Advanced science.  Applied technology.


AMPP Annual Conference & Expo

Mar 06, 2022 to Mar 10, 2022
San Antonio, TX, United States
Go to AMPP Annual Conference & Expo event

SwRI will be exhibiting at the AMPP Annual Conference & Expo, booth no. 1552.

Monday, March 7, 2022

8:35 – 9:00 a.m.
Technical Session C2022-18211
“Development of Technique for In-Situ Measurement of Oxide Film Thickness in High Pressure and High Temperature Environments,” Florent Bocher and Jeffrey Boehme

Oxide film thickness growth was measured in-situ and in real time under high temperature and high-pressure conditions using optical ellipsometry to better understand material degradation. Ellipsometry is an optical technique where the light from a laser is reflected off the specimen surface into a sensor to measure the polarization change (phase and amplitude changes). While this technique is used at ambient pressure and temperature, it is rarely used at both high temperature and high pressure (HTHP) simultaneously. In this study, the laser light was radiated through an HTHP window attached on an autoclave. This technique was used to measure nanometer to micrometer changes in thickness of an oxide film in supercritical CO2 and upstream O&G environments. The oxide film thickness measurements were compared to measurements of the thicknesses using SEM imaging of the cross section and to data found in the literature.

10:35 – 11:00 a.m.
Technical Session: C2022-18158
“Examination of Corrosion Sensor Data from Long Term Field Exposures,” Erica Macha, Erin DeCarlo and James Dante

This work examines data from a multi-year, large deployment of corrosion sensors in a variety of locations representing a range of corrosivity severities. The corrosion sensors used in this work measure atmospheric parameters such as relative humidity and temperature in addition to electrochemical parameters such as the conductivity of the electrolyte formed by salt deposition and possible deliquescence, and the polarization resistance measured on a variety of structural materials including 7075 aluminum, 2024 aluminum, and 4310 steel. Comparisons between sheltered and unsheltered sensor exposures show the difference precipitation and other rinsing events have on sensor measurements. In particular, the interplay of relative humidity and electrolyte conductivity is discussed in the context of using conductance sensors as a proxy for salt loading. The tendency for protective corrosion product films to form on the sensing materials, resulting in high initial corrosion rates and subsequent lower corrosion rates is demonstrated and the implication for accurately measuring corrosion rates is discussed. A comparison between representative conductance values from the field to values from lab testing is presented to provide context for salt loadings in accelerated laboratory corrosion testing. These discussions can be used to guide the development of models used to predict atmospheric corrosion rates from sensor data.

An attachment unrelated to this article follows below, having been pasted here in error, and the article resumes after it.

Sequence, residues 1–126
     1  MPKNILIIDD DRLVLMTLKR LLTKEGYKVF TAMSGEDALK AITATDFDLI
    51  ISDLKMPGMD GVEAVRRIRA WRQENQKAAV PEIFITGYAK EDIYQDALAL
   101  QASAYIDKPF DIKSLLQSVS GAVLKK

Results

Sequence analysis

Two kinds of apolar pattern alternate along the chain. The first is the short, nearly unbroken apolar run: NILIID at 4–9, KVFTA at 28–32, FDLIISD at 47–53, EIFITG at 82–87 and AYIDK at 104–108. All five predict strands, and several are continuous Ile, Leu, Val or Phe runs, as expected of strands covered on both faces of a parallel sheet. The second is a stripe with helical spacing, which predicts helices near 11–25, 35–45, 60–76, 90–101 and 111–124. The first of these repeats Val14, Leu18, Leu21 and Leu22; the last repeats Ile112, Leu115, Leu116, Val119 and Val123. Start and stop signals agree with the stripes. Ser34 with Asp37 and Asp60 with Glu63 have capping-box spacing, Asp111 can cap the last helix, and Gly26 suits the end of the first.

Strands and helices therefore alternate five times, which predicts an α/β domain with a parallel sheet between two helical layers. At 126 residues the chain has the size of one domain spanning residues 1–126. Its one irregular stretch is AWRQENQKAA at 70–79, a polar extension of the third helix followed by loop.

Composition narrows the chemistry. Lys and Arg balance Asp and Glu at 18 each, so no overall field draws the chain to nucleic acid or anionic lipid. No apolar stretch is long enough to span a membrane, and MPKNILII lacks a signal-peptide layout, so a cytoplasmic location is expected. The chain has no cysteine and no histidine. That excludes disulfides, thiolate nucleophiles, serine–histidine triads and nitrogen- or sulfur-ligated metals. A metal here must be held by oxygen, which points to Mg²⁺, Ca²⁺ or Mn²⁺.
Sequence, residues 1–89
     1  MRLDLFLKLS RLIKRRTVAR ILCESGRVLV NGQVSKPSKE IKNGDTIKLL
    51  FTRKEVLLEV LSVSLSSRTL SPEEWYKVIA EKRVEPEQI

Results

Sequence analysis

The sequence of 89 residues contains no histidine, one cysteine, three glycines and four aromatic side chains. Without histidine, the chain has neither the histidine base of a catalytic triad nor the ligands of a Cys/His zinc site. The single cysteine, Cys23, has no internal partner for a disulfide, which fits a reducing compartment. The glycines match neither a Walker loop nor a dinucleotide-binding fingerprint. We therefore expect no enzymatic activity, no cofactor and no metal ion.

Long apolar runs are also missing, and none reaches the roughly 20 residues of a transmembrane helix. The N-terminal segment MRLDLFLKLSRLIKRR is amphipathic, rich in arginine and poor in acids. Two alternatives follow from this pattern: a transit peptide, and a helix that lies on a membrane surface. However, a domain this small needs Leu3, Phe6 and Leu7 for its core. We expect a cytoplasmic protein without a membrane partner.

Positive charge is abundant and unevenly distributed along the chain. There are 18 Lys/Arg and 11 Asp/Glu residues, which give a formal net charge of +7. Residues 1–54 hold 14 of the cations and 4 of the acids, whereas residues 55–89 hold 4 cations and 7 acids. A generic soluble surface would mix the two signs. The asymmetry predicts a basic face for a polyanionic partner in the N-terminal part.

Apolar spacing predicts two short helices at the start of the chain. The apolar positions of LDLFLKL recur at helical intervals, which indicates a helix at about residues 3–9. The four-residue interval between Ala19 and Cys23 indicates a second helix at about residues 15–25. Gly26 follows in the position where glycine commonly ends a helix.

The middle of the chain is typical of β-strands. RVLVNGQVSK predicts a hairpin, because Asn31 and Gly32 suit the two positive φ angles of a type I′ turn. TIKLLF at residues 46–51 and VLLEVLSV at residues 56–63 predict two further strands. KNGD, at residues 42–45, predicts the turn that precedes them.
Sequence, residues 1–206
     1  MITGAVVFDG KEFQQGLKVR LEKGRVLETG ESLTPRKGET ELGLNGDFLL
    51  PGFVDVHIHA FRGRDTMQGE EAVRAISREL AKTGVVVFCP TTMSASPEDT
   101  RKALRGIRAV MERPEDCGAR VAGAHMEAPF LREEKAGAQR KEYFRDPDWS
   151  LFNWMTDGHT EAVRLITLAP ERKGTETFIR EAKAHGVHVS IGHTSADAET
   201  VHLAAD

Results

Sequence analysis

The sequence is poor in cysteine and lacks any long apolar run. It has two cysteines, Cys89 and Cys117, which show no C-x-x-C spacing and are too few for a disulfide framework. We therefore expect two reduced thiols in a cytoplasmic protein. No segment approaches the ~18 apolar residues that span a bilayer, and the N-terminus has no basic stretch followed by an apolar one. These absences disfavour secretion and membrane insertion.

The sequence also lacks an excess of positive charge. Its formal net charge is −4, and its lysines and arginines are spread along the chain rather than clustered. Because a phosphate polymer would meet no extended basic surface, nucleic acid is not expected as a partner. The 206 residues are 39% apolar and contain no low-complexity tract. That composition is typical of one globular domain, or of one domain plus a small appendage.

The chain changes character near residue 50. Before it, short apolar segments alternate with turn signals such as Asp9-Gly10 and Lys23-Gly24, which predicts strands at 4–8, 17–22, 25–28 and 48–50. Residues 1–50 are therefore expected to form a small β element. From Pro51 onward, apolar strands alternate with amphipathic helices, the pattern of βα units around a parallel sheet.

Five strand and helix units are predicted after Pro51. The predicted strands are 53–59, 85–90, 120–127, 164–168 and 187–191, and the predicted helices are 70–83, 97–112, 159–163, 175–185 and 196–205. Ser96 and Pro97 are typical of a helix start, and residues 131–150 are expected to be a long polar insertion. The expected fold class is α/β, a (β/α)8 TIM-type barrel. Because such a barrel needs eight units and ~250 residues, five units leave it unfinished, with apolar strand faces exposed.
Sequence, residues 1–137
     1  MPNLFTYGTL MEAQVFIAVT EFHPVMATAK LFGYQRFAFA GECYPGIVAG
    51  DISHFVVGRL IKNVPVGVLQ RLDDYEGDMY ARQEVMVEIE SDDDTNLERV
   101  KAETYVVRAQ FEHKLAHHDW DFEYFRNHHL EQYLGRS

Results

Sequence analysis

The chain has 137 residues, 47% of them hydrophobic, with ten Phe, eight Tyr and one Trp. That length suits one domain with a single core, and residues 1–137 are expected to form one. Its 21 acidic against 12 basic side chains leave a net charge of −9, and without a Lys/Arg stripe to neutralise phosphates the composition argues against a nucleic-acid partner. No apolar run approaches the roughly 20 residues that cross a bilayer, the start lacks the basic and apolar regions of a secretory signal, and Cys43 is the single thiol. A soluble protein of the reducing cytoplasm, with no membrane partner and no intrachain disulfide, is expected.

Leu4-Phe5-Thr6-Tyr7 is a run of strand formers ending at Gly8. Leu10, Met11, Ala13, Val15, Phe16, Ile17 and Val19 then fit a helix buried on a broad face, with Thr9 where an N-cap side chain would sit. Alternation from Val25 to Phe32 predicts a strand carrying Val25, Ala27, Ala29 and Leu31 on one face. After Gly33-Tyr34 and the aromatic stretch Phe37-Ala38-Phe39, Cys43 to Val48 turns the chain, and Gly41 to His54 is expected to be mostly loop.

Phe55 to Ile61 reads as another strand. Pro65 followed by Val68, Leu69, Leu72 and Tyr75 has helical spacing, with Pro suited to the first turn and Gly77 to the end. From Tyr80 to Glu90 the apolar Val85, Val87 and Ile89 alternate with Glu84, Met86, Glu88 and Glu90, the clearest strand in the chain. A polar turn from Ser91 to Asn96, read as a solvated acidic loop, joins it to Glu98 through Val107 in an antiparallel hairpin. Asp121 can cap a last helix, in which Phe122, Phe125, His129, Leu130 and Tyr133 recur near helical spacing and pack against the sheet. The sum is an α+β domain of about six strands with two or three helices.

11:00 – 11:25 a.m.
Technical Session: C2022
“Inhibitor Exhaustion from Aerospace Primers,” James Dante

The functional life of paint in DoD is defined by the barrier properties and protective corrosion inhibiting capacity of the coating system. The time until corrosion initiation of an underlying substrate can thus be defined in general terms as 1) the time for an external environment to reach the coating/substrate interface through coating porosity, coating cracking, or mechanical damage and 2) inhibitor exhaustion/depletion. In other words, once a coating system has been breached, protection is afforded by the availability of inhibitors at the defect site. In this work, we seek to understand the parameters that influence inhibitor exhaustion. An aluminum alloy Multi-Electrode Array (MEA) probe is used to measure corrosion currents directly as a function of exposure time. Both inhibitor leach rate and residual coating protectiveness are measured as a function of time and compared for four aerospace primer systems. Leaching of inhibitors is measured using Ion Coupled Plasma (ICP) to quantify the amount of inhibitor in a 50 mL exposure cell at fixed exposure intervals. At these fixed exposure intervals, the partially depleted coating systems is then exposed in a 1.2 mL, and the inhibition kinetics measured using the MEA probe. Inhibitor exhaustion times are then defined as the time where there is no longer enough inhibitor leaching from a coating system to protect the MEA. Integration of inhibitor exhaustion test results into modeling approaches is briefly discussed.

For more information, contact Elizabeth Trillo.